Bronisław Piłsudski

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Bronisław Piotr Piłsudski

Bronisław Piotr Piłsudski (2 November 1866, Żułów – 17 May 1918), brother of Józef Piłsudski, was a Polish cultural anthropologist who conducted outstanding research on the Ainu ethnic group, which then inhabited Sakhalin Island, but now live mostly on the Japanese island of Hokkaidō, with only a small minority left on Sakhalin.

Life[edit]

Bronisław and Józef Piłsudski lived in Vilnius in 1874, where they continued self-education for three years. After their mother's death in 1886, they left for Saint Petersburg. Bronisław Piłsudski passed an examination at a local university.

A Sakhalin mixed-blood Ainu-Russian man, photographed by Bronisław Piłsudski ca. 1905

Bronisław, for his involvement with a socialist in a plot to assassinate Alexander III of Russia in 1887 together with Vladimir Lenin's brother Alexander Ulyanov, was sentenced to fifteen years at hard labor on Sakhalin island (Ulyanov was hanged). He used his time there to conduct research. While on Sakhalin in 1891, he met ethnographer Lev Sternberg. He was then sent to the southern part of the island. The rest of his prison sentence was changed to ten years of internal exile because he had settled without permission of the Russian authorities.

Three years later, he was given a grant by the Imperial Academy of Sciences to study the Ainu. That year he settled in an Ainu village, fell in love with an Ainu woman, Chufsanma, officially married her and had a son and daughter, Sukezo and Kiyo, with her. His wife was a niece of Chief Bafunkei of the village of Ai in Sakhalin. In 1903 he recorded the Ainu language. From these original recordings an Ainu dictionary of over a thousand words was made, which was translated into over ten languages. Piłsudski also wrote down the myths, culture, music and customs of the Ainu. He built an elementary schools in the village where he taught Russian language and mathematics to the local children. The schools were open only in winter, the slack season of the farm.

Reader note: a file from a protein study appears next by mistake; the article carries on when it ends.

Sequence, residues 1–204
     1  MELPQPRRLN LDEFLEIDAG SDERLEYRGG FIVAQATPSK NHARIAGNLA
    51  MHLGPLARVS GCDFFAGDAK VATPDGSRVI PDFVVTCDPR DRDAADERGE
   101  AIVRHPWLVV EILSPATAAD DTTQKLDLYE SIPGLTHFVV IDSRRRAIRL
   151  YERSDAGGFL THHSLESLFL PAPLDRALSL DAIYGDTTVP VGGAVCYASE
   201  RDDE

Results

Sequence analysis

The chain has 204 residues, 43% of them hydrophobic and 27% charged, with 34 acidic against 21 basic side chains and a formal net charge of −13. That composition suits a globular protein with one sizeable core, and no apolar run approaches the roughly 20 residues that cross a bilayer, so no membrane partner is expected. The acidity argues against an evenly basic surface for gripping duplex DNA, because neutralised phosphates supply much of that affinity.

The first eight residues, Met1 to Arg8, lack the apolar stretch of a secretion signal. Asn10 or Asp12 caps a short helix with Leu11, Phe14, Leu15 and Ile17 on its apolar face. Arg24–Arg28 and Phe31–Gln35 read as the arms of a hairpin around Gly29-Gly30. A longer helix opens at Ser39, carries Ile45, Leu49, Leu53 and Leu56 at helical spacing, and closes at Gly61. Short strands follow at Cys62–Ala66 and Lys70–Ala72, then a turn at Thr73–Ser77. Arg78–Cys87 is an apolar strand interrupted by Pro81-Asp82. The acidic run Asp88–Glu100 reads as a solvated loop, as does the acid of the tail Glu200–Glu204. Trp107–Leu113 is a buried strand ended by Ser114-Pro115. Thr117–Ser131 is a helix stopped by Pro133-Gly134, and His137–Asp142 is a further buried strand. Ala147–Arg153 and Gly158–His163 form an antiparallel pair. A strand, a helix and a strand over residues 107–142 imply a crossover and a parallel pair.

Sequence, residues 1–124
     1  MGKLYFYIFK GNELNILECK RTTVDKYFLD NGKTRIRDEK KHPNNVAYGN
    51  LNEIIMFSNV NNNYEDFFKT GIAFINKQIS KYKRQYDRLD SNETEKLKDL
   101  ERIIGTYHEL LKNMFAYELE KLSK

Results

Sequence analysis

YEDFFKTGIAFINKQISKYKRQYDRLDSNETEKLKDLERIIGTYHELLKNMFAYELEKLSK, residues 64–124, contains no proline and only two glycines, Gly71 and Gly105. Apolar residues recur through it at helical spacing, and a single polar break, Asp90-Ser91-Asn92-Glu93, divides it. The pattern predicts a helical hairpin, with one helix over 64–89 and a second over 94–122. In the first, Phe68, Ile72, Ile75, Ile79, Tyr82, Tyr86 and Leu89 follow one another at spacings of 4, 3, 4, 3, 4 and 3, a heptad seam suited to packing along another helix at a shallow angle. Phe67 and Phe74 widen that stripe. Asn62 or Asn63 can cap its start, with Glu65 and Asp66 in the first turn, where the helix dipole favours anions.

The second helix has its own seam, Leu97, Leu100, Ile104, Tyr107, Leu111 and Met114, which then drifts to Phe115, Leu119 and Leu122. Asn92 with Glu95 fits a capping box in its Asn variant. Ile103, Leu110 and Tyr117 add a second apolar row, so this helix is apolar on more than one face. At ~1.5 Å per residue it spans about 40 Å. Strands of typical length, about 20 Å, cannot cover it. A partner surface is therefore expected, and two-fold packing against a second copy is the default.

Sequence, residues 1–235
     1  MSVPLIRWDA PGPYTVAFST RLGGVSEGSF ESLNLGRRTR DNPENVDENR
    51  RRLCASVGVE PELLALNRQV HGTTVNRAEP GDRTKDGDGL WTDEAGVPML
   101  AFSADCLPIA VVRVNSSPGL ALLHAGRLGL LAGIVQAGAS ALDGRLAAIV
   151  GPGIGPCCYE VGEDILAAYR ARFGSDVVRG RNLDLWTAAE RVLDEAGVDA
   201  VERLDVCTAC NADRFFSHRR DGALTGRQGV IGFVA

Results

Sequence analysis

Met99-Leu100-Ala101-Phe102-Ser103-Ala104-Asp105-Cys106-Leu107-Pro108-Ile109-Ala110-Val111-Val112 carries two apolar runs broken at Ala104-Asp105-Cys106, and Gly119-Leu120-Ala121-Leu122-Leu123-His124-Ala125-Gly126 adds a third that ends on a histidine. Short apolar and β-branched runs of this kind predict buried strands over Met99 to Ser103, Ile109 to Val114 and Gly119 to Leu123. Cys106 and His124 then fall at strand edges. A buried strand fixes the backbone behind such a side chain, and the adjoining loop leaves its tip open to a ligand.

In 1904, the Russo-Japanese War broke out. Due to the rumour that if one spoke Russian he would be conscripted to the Russian Army, the locals began refusing to learn Russian. Also, Ainus were prepared to cooperate with the Japanese after they landed on Sakhalin. A local told Bronisław that he would not send his son to Bronisław's school. Chief Bafunkei told Piłsudski to return to Poland while the war continued. Piłsudski reluctantly agreed with him.

He moved to Japan by himself, where he was befriended by Ōkuma Shigenobu, Futabatei Shimei, Torii Ryūzō, Katayama Sen, and others, and helped an organisation of anti-imperial Russian refugees. Among them Futabatei Shimei became Bronisław's very close friend. He affectionately describes Bronisław as "an 'odd ball' who was so kind-hearted and innocent like a child that he would always insist in a very excited tone that he needed to do something to help Ainus and that it was his destiny to do that despite the fact that he was always a 'complete broke' then".[1]

In the same year, he arrived in Kraków, Poland, after traveling from Japan via the United States. When there was upheaval preceding World War I, he escaped to Switzerland. In 1917 he left for Paris, where he worked at the Paris office of Polish National Committee, which had been founded by Roman Dmowski, the political archrival of Bronisław's younger brother Józef Piłsudski.

On 17 May 1918 he drowned in the Seine River near le Pont Neuf. On 21 May 1918 his body was found near le Pont Mirabeau. His death was thought to be a suicide.

All the descendants of his son and daughter live in Japan today as Japanese citizens. As Józef Piłsudski had daughters only, the direct paternal descendent of the entire Piłsudski Family is only Bronisław's, who lives in Yokohama.[2]

See also[edit]

References[edit]

  • "Piłsudski, Bronisław," Encyklopedia Powszechna PWN (PWN Universal Encyclopedia), Warsaw, Państwowe Wydawnictwo Naukowe, vol. 3, 1975, p. 521.
  • "Piłsudski, Bronisław," Encyklopedia Polski (Encyclopedia of Poland), Kraków, Wydawnictwo Ryszard Kluszczyński, 1996, ISBN 83-86328-60-6, p. 505.

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